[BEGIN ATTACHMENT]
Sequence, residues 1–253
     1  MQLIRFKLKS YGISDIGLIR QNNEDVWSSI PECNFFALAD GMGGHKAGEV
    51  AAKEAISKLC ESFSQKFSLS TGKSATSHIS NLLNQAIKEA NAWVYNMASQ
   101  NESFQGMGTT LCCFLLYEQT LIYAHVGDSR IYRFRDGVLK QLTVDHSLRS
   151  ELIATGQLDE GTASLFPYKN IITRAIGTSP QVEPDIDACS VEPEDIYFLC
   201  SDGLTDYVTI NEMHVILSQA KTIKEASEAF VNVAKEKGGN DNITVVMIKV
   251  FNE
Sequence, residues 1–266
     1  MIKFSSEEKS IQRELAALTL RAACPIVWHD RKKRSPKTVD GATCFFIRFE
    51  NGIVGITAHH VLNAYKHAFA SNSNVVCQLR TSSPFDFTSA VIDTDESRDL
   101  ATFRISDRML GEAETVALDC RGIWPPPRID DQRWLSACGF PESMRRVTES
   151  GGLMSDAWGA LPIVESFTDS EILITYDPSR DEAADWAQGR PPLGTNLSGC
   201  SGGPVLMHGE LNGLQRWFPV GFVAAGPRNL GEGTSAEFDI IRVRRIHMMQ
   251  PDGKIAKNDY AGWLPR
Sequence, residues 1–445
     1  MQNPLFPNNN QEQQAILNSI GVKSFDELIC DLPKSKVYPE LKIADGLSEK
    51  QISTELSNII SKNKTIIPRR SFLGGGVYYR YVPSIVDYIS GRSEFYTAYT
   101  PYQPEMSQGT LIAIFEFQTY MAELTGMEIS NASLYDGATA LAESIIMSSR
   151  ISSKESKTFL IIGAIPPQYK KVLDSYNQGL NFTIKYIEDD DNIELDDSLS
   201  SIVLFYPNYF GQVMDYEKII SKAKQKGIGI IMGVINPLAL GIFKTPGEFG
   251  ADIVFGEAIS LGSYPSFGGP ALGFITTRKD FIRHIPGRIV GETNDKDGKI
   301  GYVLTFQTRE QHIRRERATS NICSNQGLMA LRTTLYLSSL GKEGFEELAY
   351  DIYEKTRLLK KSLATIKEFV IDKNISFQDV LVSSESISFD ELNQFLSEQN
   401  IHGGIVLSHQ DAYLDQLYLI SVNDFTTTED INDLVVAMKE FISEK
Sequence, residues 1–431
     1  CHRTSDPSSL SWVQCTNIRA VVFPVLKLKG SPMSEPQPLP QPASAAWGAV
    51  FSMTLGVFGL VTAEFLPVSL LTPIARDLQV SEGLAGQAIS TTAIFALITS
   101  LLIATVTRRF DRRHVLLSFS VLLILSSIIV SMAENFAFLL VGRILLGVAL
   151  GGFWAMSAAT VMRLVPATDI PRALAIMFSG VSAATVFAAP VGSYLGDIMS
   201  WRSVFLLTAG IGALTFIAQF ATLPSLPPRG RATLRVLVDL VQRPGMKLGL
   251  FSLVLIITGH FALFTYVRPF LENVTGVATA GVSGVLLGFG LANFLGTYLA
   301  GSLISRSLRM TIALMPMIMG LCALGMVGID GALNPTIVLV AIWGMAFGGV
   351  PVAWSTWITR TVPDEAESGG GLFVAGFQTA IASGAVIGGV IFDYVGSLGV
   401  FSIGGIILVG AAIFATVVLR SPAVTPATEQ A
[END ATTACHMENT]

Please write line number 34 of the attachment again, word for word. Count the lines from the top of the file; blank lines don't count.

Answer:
   401  FSIGGIILVG AAIFATVVLR SPAVTPATEQ A